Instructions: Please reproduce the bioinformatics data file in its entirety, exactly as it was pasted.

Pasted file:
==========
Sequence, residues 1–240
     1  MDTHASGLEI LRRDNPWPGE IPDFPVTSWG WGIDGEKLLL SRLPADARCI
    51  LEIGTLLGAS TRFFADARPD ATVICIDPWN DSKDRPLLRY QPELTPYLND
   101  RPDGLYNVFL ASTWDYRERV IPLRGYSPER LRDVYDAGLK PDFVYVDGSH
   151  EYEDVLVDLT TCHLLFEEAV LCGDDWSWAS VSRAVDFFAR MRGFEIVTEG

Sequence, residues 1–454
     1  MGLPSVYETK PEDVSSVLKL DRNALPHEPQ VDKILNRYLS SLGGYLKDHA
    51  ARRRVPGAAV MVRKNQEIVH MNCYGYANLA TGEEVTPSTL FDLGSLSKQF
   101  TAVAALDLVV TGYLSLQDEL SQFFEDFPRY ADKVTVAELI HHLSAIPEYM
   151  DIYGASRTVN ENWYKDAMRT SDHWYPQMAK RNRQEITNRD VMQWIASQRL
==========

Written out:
Sequence, residues 1–240
     1  MDTHASGLEI LRRDNPWPGE IPDFPVTSWG WGIDGEKLLL SRLPADARCI
    51  LEIGTLLGAS TRFFADARPD ATVICIDPWN DSKDRPLLRY QPELTPYLND
   101  RPDGLYNVFL ASTWDYRERV IPLRGYSPER LRDVYDAGLK PDFVYVDGSH
   151  EYEDVLVDLT TCHLLFEEAV LCGDDWSWAS VSRAVDFFAR MRGFEIVTEG

Sequence, residues 1–454
     1  MGLPSVYETK PEDVSSVLKL DRNALPHEPQ VDKILNRYLS SLGGYLKDHA
    51  ARRRVPGAAV MVRKNQEIVH MNCYGYANLA TGEEVTPSTL FDLGSLSKQF
   101  TAVAALDLVV TGYLSLQDEL SQFFEDFPRY ADKVTVAELI HHLSAIPEYM
   151  DIYGASRTVN ENWYKDAMRT SDHWYPQMAK RNRQEITNRD VMQWIASQRL